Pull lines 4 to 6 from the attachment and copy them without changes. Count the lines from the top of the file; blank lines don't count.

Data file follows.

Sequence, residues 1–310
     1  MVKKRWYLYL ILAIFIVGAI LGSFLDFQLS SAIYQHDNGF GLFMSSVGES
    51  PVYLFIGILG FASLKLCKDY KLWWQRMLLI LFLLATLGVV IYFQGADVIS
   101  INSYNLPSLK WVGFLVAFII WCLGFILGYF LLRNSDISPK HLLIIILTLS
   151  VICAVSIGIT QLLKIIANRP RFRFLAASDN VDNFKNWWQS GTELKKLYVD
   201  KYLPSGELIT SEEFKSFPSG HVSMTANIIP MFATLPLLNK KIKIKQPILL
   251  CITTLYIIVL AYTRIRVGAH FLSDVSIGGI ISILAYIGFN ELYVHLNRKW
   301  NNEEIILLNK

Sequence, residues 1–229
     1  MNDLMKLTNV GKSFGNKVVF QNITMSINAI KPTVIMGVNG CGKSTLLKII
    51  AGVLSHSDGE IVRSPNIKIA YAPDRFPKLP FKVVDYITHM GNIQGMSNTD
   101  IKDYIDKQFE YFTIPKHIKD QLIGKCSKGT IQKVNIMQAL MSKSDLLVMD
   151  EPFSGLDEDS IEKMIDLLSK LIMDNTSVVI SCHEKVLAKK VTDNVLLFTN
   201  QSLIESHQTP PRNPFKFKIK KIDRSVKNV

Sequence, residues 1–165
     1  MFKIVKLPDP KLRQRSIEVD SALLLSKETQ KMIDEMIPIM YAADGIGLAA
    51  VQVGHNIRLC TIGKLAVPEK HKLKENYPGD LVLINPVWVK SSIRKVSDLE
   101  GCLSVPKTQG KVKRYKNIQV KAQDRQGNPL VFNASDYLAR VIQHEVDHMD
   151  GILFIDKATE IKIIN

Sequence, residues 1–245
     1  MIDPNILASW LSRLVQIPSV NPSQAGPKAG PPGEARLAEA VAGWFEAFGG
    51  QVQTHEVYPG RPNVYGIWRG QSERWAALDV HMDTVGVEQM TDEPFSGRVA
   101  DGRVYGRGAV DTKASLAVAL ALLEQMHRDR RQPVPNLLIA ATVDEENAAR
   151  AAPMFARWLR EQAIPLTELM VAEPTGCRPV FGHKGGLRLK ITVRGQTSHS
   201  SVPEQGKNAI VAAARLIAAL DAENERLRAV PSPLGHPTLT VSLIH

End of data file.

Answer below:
   101  INSYNLPSLK WVGFLVAFII WCLGFILGYF LLRNSDISPK HLLIIILTLS
   151  VICAVSIGIT QLLKIIANRP RFRFLAASDN VDNFKNWWQS GTELKKLYVD
   201  KYLPSGELIT SEEFKSFPSG HVSMTANIIP MFATLPLLNK KIKIKQPILL